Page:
How is IVF Pregnancy Different Than Non-IVF Pregnancy?

Learn about the risks and complications of undergoing IVF treatment.

pregnant single woman
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Many people struggling with infertility choose in vitro fertilization (IVF) as an assisted conception method. The procedure involves extracting eggs from the ovaries, mixing them with sperm, and inserting them directly into the uterus. Given the unique method of conception, some may wonder how IVF pregnancy differs from a pregnancy that does not use assisted reproductive technology (ART) such as IVF. As it turns out, the risks and complications are pretty similar.

IVF Pregnancy Health Risks

Good news for parents undergoing IVF treatment: A pregnancy achieved through IVF is not necessarily considered high risk, according to Connie L. Agnew, M.D., an Ob-Gyn in Los Angeles, California. “Yet a woman who conceives via this technique may have one or more pre-existing conditions, such as advanced maternal age or a history of miscarriage, that make it appropriate for her to see a perinatologist,” says Dr. Agnew. She explains that a perinatologist is a physician who specializes in the treatment of a pregnant parent and their fetus when either is at risk for complications.

IVF is a safe, effective, and common treatment for infertility that is usually perused after someone deals with significant challenges trying to conceive, such as ovulation disorders, impaired sperm function, and uterine fibroids.

There are many reasons why IVF may be the best option for conceiving, but there are some risks unique to IVF to watch out for during pregnancy.

IVF increases chance of conceiving multiples

Many IVF recipients have more than one embryo implanted to increase the chance of getting pregnant. In fact, according to data collected by the Society for Assisted Reproductive Technology (SART), about 6.6% of IVF pregnancies in parents under the age of 35 resulted in live births of twins, and 0.2% resulted in triplets after 42,460 cycles counted.

Carrying twins or triplets is considered higher risk with or without IVF treatment since it increases the chances of premature labor and low birth weight. According to the Centers for Disease Control and Prevention (CDC), multiples are more common with fertility treatments than non-assisted pregnancies because of how the process works; doctors transfer more than one embryo to increase the chances of conception.

IVF increases chance of birth complications

Babies born through IVF have a slightly higher chance of birth defects (about 1-2%). But according to Susan Hudson, M.D., a reproductive endocrinologist at Texas Fertility Center in New Braunfels, the birth defects are probably related to the nature of the parent's infertility instead of IVF treatment.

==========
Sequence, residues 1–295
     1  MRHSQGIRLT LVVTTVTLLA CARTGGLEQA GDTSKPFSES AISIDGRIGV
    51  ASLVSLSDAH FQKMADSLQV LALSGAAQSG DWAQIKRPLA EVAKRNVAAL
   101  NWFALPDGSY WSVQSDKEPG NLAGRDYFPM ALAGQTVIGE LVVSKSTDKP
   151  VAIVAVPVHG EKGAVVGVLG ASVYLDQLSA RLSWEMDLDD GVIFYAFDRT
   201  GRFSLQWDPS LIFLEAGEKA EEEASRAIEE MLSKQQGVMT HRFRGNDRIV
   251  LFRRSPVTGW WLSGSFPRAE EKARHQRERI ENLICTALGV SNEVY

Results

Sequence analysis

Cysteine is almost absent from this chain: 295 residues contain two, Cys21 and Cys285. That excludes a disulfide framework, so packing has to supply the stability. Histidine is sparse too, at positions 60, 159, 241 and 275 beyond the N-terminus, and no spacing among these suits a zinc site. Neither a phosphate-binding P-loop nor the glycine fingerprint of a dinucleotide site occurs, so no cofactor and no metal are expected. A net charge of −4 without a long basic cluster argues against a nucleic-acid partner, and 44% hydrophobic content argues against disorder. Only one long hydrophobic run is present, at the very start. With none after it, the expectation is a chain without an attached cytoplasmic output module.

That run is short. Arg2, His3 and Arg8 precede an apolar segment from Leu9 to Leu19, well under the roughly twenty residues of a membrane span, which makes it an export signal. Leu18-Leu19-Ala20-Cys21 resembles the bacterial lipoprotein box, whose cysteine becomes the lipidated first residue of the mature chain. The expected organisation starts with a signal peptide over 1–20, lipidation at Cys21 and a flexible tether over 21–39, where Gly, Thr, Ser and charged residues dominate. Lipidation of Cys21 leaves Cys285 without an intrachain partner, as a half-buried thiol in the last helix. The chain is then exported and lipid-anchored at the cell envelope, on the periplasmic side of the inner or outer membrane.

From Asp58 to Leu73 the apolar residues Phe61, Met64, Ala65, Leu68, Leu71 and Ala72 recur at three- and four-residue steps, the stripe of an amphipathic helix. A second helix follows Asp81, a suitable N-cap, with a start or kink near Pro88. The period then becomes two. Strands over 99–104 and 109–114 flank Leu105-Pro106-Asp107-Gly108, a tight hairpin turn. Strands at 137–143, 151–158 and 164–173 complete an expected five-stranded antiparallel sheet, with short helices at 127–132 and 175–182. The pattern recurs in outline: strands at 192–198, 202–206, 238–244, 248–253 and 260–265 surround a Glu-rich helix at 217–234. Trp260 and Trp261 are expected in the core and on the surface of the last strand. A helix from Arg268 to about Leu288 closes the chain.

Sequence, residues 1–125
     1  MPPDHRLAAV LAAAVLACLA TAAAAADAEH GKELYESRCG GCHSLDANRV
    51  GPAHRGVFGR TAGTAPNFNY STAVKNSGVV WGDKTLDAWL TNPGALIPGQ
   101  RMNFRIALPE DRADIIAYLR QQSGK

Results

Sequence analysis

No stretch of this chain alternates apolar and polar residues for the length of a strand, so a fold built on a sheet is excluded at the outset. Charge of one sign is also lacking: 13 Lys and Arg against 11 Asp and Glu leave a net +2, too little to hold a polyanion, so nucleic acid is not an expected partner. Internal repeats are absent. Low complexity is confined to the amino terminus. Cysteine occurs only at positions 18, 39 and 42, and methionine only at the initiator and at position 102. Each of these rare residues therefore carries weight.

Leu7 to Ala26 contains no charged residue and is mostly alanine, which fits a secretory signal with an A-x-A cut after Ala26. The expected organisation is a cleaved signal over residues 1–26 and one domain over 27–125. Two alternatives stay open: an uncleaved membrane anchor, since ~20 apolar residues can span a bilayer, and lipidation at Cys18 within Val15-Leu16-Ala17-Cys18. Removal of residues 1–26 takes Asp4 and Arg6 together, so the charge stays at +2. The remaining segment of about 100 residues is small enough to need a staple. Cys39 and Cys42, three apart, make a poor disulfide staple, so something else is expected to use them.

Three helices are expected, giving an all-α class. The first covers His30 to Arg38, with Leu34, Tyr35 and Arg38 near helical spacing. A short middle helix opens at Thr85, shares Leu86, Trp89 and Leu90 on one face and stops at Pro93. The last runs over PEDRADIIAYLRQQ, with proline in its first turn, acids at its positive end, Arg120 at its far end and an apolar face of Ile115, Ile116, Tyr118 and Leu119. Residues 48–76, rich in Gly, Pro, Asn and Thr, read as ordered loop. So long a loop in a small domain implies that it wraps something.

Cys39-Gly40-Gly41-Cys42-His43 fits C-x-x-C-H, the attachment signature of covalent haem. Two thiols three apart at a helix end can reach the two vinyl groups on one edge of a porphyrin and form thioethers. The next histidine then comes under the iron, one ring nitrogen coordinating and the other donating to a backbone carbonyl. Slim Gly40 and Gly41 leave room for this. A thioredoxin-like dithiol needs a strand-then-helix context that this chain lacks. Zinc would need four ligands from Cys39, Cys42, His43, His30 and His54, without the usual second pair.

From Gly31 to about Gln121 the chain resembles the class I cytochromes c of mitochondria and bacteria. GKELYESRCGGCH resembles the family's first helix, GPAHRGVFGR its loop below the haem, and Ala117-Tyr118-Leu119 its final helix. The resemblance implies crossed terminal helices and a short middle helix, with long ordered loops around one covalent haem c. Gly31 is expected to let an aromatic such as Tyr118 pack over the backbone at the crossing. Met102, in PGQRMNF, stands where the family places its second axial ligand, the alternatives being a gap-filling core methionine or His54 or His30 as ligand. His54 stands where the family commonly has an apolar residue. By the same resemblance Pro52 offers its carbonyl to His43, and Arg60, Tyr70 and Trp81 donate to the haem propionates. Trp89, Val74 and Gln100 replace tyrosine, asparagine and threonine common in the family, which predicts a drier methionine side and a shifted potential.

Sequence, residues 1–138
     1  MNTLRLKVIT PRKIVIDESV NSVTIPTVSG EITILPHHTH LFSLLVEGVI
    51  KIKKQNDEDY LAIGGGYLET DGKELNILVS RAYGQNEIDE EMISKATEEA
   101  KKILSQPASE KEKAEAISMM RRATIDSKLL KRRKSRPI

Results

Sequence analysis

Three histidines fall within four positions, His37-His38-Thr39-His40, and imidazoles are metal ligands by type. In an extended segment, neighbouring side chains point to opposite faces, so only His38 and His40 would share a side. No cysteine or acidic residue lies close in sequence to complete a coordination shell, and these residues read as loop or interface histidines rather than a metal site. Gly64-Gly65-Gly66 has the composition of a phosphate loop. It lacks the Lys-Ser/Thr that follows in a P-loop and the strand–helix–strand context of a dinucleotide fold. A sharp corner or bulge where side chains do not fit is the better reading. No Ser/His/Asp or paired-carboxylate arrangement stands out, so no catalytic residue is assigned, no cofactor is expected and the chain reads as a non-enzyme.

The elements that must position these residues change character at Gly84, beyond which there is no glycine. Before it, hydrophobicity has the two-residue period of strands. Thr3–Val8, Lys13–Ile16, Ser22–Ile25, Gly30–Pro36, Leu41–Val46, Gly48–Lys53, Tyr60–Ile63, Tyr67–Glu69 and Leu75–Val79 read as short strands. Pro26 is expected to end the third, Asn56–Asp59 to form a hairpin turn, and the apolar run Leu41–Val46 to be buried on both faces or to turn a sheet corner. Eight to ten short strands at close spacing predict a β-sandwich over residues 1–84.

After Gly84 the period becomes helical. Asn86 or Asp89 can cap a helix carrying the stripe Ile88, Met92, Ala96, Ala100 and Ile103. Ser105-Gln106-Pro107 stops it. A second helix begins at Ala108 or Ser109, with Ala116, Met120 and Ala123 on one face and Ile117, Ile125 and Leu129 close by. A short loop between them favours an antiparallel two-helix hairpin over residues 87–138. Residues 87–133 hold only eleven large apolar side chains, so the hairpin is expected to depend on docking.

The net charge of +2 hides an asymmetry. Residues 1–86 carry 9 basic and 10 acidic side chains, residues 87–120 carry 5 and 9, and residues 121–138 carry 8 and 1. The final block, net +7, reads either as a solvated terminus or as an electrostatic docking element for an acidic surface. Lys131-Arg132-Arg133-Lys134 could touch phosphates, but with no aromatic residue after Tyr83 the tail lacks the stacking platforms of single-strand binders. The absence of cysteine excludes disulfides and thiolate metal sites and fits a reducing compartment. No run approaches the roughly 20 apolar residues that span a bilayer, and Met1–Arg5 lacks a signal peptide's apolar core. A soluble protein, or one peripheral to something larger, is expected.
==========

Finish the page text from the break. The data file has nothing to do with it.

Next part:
In a systemic review of medical data, the International Journal of Environmental Research and Public Health found that IVF did not directly cause congenital birth defects or complications. The underlying conditions that brought the parents to use IVF, such as advanced maternal age. Researchers note in their findings that although IVF is not without risk, any parents who want to use IVF should know that the benefits outweigh the risks.

Are IVF pregnancy symptoms different?

In general, the symptoms of IVF pregnancy resemble those of non-IVF pregnancy. But those with IVF may be more aware of early pregnancy signs since they know they’re carrying a child from the beginning. Those who don't use IVF or assisted conception methods to become pregnant usually aren't aware of their pregnancy for about a month or until they take a pregnancy test.

Fertility medications used to stimulate egg production before the IVF procedure may also have side effects resembling pregnancy symptoms. These can include

  • Headaches
  • Abdominal pain
  • Mood swings
  • Bloating
  • Hot flashes

While these symptoms aren't usually concerning, they may rarely result from ovarian hyperstimulation syndrome (OHSS), which is an uncommon condition that occurs from excess egg production. Visit a doctor if you experience severe weight gain, abdominal pain and swelling, nausea, shortness of breath, and dizziness.

The Bottom Line

IVF is a safe method for conceiving. Although IVF does carry some risks, researchers and doctors point out that the benefits of IVF outweigh the risks. If you are considering IVF, the CDC has an IVF Success Estimator tool that can help you see an estimate of your chances for conception. As with any pregnancy—via IVF or not—talk to your doctor about any concerns about the health of your pregnancy.

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